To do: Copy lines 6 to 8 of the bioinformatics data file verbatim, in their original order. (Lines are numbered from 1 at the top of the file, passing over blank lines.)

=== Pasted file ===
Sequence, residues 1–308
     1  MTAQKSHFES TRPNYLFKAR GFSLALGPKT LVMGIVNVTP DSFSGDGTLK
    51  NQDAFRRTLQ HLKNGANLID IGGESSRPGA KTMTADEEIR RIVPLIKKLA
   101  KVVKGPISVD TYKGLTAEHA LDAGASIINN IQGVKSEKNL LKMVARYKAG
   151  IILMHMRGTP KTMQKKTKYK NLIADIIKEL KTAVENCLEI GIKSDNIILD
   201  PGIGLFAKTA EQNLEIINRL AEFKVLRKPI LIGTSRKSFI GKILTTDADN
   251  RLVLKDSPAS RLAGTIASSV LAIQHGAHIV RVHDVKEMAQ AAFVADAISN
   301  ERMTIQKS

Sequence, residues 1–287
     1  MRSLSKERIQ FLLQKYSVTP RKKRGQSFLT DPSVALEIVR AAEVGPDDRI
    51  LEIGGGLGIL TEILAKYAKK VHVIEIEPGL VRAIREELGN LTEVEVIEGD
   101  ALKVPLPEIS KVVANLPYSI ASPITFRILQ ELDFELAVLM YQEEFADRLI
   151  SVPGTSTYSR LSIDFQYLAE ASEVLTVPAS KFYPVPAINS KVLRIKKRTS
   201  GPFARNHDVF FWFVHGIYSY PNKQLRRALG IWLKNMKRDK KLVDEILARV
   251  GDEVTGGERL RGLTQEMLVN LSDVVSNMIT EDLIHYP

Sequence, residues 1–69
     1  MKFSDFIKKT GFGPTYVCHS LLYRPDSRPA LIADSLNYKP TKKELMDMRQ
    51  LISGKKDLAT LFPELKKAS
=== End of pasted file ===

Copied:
   201  PGIGLFAKTA EQNLEIINRL AEFKVLRKPI LIGTSRKSFI GKILTTDADN
   251  RLVLKDSPAS RLAGTIASSV LAIQHGAHIV RVHDVKEMAQ AAFVADAISN
   301  ERMTIQKS